At What Age Does a Yorkshire Terrier Stop Growing?
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The Yorkshire Terrier has been popular for a long time and this popularity doesn't seem to be decreasing. While some may think of them more as an accessory than a dog, doing so is to miss just how intelligent and companionable are these dogs. While they originate in England in the 19th century, the breed as it exists currently has developed a lot since then. They are adorable, with a friendly disposition and beautiful silky fur.
However, as it is a small dog breed, it can be difficult to know just when a Yorkie has stopped growing. Knowing the adult weight and size of a Yorkie can help you determine their age, although it is not always as simple as taking these measurements. AnimalWised investigates at what age does a Yorkshire Terrier stop growing? In doing so, we'll know how best to take care of their needs.
Background of the Yorkshire Terrier
Although it is not exactly clear which breeds were selected for the breeding of Yorkshire terriers, we know that at some stages they used the Clydesdale, Waterside and Paisley Terriers. The first officially recognized Yorkshire Terrier breed dates back to 1870. They have small ears and a small face, but long fur.
It was formerly known as an exhibition dog, but was originally used as a ratter in mills. While developed in Yorkshire, they do come from Terriers bred in Scotland. A lot of this has to do with workers coming down from Scotland to work in Northern English mills during the Industrial Revolution. Nowadays, they are a wonderful companion animal which is more often a beloved pet than an actual working dog.
They are happy and playful with a size conducive to apartment living. Despite their size, they are very intelligent and can be stubborn at home. However, their small size can also make it difficult to know when they have actually stopped growing.
When does a Yorkie stop growing?
At the time of their birth, Yorkshire Terriers are very small. Some only weigh as much as 200 grams. However, during their first seven months of life the puppy experiences an accelerated period of growth. They continue to growth between this time and 15 months, although this period of growth will be slower. At this stage, they will go from a few hundred grams to 1 kg for some and up to 2 kg for others.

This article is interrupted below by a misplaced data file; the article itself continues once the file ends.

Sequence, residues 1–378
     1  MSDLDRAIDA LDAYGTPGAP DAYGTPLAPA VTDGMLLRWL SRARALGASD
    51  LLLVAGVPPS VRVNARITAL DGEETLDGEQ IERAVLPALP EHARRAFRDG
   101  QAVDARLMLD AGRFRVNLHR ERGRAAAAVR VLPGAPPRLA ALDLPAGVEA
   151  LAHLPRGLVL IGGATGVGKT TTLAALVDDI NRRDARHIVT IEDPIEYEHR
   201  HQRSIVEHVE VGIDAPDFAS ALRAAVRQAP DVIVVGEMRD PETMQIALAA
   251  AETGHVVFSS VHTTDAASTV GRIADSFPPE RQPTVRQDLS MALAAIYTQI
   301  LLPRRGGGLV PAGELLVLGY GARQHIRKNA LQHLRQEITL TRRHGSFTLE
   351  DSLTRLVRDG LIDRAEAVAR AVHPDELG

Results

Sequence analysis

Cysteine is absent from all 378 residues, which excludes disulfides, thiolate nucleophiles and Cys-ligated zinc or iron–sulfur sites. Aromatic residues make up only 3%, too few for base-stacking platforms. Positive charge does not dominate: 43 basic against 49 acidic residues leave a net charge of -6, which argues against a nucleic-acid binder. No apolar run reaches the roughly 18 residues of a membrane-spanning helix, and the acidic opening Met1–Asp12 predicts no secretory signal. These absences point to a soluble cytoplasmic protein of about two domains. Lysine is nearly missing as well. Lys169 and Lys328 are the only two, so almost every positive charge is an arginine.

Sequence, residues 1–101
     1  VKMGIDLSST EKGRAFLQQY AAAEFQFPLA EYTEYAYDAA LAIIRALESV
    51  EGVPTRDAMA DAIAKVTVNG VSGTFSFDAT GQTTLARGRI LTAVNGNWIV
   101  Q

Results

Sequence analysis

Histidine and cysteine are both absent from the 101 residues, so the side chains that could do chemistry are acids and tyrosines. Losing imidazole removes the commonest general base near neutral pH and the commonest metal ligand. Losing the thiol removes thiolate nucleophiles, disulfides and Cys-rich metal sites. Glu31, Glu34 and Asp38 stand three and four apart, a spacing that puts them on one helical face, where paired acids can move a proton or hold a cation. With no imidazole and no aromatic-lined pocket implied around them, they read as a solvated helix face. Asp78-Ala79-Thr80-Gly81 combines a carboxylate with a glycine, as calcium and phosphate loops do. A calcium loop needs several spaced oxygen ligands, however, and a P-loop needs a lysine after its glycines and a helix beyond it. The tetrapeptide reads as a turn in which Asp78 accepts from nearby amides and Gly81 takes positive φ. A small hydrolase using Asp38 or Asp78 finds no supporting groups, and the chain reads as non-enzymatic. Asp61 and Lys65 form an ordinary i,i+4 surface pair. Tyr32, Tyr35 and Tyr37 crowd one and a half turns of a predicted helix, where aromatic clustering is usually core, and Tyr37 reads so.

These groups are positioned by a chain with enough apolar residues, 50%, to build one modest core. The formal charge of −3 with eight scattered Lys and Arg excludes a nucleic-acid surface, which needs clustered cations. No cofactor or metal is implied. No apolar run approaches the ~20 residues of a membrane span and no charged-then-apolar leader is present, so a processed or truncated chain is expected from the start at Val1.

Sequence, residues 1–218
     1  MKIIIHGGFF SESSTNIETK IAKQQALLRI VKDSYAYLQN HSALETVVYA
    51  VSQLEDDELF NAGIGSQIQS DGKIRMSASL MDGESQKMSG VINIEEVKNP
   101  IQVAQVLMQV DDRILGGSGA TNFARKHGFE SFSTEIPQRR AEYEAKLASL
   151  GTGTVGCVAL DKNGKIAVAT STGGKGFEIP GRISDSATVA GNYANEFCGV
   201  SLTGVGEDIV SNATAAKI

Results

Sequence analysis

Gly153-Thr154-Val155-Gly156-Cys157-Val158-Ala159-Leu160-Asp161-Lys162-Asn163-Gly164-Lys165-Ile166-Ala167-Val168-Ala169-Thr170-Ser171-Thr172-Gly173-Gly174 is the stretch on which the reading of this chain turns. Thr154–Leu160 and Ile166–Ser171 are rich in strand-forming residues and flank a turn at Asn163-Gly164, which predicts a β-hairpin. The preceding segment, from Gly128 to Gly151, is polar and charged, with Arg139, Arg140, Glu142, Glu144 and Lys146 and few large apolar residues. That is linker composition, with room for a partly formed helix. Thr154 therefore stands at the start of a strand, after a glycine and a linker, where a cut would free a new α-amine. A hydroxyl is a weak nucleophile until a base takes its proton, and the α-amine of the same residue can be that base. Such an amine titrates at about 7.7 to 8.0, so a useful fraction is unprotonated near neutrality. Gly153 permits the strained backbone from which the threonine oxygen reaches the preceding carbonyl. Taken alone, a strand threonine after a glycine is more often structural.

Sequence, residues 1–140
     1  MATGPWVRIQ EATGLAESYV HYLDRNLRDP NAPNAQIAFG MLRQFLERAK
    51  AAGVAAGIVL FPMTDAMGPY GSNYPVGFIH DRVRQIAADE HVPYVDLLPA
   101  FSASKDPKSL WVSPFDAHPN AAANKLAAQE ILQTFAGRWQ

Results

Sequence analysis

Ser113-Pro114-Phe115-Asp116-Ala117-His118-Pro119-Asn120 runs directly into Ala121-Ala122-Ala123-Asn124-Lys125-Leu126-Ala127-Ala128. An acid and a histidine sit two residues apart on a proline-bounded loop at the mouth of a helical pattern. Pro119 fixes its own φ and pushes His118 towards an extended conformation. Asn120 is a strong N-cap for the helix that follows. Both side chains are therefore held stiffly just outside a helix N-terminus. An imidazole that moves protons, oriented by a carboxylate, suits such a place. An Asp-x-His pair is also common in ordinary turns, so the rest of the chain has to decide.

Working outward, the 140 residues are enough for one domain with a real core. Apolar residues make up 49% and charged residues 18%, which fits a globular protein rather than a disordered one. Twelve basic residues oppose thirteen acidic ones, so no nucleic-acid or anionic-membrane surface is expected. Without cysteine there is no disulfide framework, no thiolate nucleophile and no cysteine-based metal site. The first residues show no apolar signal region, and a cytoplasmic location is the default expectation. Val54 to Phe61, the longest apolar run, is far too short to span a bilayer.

Part of this growth period includes a change in their coat with develops in both color and texture. At birth, they are almost completely black with small areas of bronze. After six months the black slowly turns into a brighter bluish or silver tone. Additionally, the texture becomes silkier, softer and longer. This is one of the most common features of the Yorkie.
When is a Yorkshire Terrier an adult?
A Yorkshire will be considered an adult dog between two and a half and three years of age, after which they should stop growing. At this stage they will weigh between 3 and 3.2 kilograms. Some can even reach as much as 4 kilos, but this is unusual and you should be careful in case obesity is an issue. Their life expectancy is between 9 and 15 years.
The height of an adult Yorkshire Terrier varies between 30 and 40 centimeters (12 to 16 inches). This means they will remain relatively small compared to other breeds. When they reach adulthood, their fur adopts the tone they will have for the majority of their lifetime. This will be shiny black in most parts with bronze on their head, legs and, occasionally, their abdomen. They may develop some grey in their d olage.
Is the Yorkshire Terrier a toy breed?
Called the Yorkshire Terrier Toy or Teacup dog, you may have seen cute videos of these diminutive Yorkies on YouTube or similar social platforms. In average, they are so small they are half the weight and height of a normal Yorkshire Terrier.
However, some question whether this breed actually exists or if it is a stunt created to go viral online. No official kennel club or dog association recognizes this breed. However, they do indeed exist. Whether they should is a different matter.
These dogs are bred from smaller examples of the regular breed. Breeding persists until you get these dogs which are so small, they can fit into your jacket pocket, even when a fully grown adult. While undoubtedly cute, there is a sinister side to this 'designer' breed. Breeding dogs to be this small means they have genetic deficiencies which can lead to serious health problems. The quality of life of the dog is seriously compromised and is, in essence, cruel.
The problems with teacup dogs range from malformation of the bones (leading to spinal problems in particular), neurological disorders and even an inability to walk properly. Also, the breeding itself is dangerous as females can have potentially life threatening birthing issues.
To avoid these type of anomalies, ensure you adopt an adult Yorkshire Terrier from a reputable breeder. Bet yet, adopt from a shelter to help abandoned pets to find a home. Breeders of any dog should know what they are doing before they even consider mating dogs. This means knowing the breeding pair's lineage to the best of their ability.
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